Q. Although you're probably best known in the industry for your diet books, you also have a massive amount of knowledge and experience in other areas, particularly strength training. One subject I think readers might be interested in is the hormonal response to exercise. Many people are told to keep the length of their workouts down to 45 minutes or less on the basis that testosterone levels drop and cortisol levels rise after this point. Is this good advice or not?
A. This is going to be another one of those yes and no types of answers.
On the one hand, the idea that testosterone drops after 45 minutes is one of those ideas that falls into the "If you repeat something enough times, it will become accepted dogma."
The idea supposedly came from Bulgarian Olympic lifting coach Ivan Abadjaev who claimed that androgen levels dropped after 30-40 minutes and who pioneered the idea of keeping his athletes in the gym all damn day by having them train for 30 minutes, rest 30 minutes, train again, etc.
As time has passed, it's come out that the main impetus behind his training schedule had more to do with controlling his athletes, simply exhausting them every day to keep them from partying and staying up late.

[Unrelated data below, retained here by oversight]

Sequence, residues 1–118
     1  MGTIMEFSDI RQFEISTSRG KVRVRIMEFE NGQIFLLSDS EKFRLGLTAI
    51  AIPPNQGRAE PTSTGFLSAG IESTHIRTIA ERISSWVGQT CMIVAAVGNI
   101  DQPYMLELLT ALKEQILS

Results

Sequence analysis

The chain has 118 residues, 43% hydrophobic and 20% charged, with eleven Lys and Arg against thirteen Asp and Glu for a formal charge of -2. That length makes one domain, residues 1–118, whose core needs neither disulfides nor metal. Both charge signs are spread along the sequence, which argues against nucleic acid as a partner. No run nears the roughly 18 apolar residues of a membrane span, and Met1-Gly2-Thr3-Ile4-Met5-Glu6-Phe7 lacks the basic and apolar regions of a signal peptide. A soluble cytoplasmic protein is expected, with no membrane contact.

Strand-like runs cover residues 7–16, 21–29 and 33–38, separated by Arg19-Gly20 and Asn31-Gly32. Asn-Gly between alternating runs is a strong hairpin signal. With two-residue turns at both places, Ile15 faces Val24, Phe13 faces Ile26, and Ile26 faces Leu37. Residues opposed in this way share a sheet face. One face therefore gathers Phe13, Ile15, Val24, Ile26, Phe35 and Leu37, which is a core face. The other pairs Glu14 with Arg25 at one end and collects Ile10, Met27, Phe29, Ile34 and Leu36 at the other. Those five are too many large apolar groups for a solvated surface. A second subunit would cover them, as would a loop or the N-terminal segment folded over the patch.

Just keep them in the gym for 12 hours per day by breaking training up into lots of tiny segments (this probably also allowed them to train intensely at each session) and they go home and sleep when training is over. Bulgaria, under new coaching has moved to a much more traditional system of training with 2-hour workouts as the norm.
As well, what I've seen of American research has never supported the idea of a drop in testosterone, and you can find plenty of successful athletes who spend far more time than that in the gym. Powerlifters, who are often taking very long rests between sets and having to muck with gear are often training 2-3 hours at a stretch.
This isn't to say that the idea of keeping your workouts high quality is a bad one. Certainly, I think that most bodybuilders spend too much unproductive time in the weight room doing too many sets of too many unnecessary exercises. For the natural athlete, quality should predominate over quantity for sure.
But I think setting some arbitrary time limit like 45 or 60 minutes is missing the point. Basically, I think the idea may be useful as sort of a check to keep people from wasting energy and time doing endless sets of useless exercises in the gym, but I don't think it's an absolute. When I train people, I'd say 60-90 minutes is about average. Much more than that and quality falls off too much.
Certainly, shorter workouts tend to be higher quality. By the end of a 2-hour workout, you're unlikely to be putting much effort into things. There is also the issue of crashing blood glucose and a potential increase in cortisol because of it.
That can readily be ameliorated by sipping a carbohydrate or carbohydrate plus protein drink during training. That will keep insulin higher and keep cortisol down during extended training sessions. It may also help to improve intensity.